Seahawks will go against tradition with the 37th pick
Before we get to that, let’s establish my bona fides. That’s fancy talk for street cred, for you three Cardinals fans that wound up here by mistake. So – I have none. I’m a fan, just like you. I have no insider information, no deep sources at VMAC, and no wiretap on John Schneider’s phone. Shoot, I don’t even have a subscription to Pro Football Focus. It’s highly recommended, but I’m cheap.
So take my ramblings as semi-educated guesses, because I don’t claim to know what the Hawks will do. For that matter, they don’t know exactly what they’ll do, as 31 other teams will have their say, too. That’s why I’m giving three options for each of the three draft slots. Bear in mind, this all supposes the Hawks won’t trade any of their picks.
Alright, let’s take a look at pick 37. It’s actually the sixth pick of the second round since the owner of the Miami Dolphins is a – oh, let’s just say, less than savory character. Oh, and thanks for the pick, Broncos! So, on to my first choice for the pick. I see Seattle using their first pick on day two for a wide receiver. Yeah, I know, I wrote that they’d go against tradition with this pick. Yes, I’m well aware they drafted DK Metcalf in the second round of 2019, and Dee Eskridge in the second of 2021. The break with tradition I foresee is they’ll draft a receiver that can stay on the field and contribute.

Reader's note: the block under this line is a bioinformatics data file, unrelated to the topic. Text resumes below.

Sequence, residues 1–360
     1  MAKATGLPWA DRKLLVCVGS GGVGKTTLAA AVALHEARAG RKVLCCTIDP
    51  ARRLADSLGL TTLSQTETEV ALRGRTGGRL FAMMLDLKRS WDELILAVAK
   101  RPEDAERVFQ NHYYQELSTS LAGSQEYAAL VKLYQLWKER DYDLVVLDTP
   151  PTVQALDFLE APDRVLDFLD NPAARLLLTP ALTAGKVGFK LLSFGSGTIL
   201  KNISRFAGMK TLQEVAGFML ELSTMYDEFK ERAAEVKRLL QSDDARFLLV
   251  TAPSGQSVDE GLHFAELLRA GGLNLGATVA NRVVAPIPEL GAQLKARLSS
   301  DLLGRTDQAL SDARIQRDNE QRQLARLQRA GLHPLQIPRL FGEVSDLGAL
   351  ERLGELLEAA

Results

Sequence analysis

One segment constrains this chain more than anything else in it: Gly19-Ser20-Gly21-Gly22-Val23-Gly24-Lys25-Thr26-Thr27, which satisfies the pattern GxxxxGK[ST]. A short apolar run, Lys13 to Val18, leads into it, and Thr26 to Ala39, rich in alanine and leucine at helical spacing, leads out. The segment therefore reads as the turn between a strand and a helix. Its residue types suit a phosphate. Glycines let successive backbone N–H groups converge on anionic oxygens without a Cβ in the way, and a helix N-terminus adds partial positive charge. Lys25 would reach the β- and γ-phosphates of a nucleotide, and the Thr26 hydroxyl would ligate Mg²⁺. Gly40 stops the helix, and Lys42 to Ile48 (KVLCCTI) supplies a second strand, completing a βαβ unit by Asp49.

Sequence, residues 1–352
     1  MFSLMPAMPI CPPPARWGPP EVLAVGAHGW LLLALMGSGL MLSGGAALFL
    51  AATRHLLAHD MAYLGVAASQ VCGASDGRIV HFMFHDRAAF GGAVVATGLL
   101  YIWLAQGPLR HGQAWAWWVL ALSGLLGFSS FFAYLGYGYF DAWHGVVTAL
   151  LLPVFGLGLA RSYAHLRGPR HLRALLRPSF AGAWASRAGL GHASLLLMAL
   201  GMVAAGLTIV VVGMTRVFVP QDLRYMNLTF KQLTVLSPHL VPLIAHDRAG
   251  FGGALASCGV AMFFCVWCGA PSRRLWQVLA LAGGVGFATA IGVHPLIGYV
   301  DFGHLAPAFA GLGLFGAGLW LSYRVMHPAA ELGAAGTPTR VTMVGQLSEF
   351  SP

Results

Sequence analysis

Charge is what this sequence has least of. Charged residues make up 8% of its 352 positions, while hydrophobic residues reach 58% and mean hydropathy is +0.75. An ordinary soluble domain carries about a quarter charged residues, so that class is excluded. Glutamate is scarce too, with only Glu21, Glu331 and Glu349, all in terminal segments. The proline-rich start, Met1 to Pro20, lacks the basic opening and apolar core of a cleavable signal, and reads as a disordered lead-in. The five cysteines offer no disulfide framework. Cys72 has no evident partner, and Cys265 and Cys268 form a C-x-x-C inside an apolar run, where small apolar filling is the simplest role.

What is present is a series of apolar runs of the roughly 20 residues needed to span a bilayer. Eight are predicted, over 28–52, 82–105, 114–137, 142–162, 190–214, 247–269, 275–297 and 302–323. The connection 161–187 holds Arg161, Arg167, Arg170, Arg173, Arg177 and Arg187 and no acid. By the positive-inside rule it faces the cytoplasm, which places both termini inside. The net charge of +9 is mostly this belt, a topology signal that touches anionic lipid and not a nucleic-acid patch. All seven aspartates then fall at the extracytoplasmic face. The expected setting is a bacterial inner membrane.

Harsh? Maybe, but as much as I like Eskridge – and I do – he’s only suited up for 20 games and had zero starts. Metcalf is a phenomenal talent, yes, but other than Golden Tate and Tyler Lockett, the Carroll and Schneider brain trust has never drafted a receiver that started more than 50 percent of their career games. That’s out of 16 WR draftees. It’s fair to say the Hawks record on drafting receivers isn’t the best. And that’s why I believe that taking a receiver in this draft is the right move. Seattle needs a third receiver, and this draft is loaded.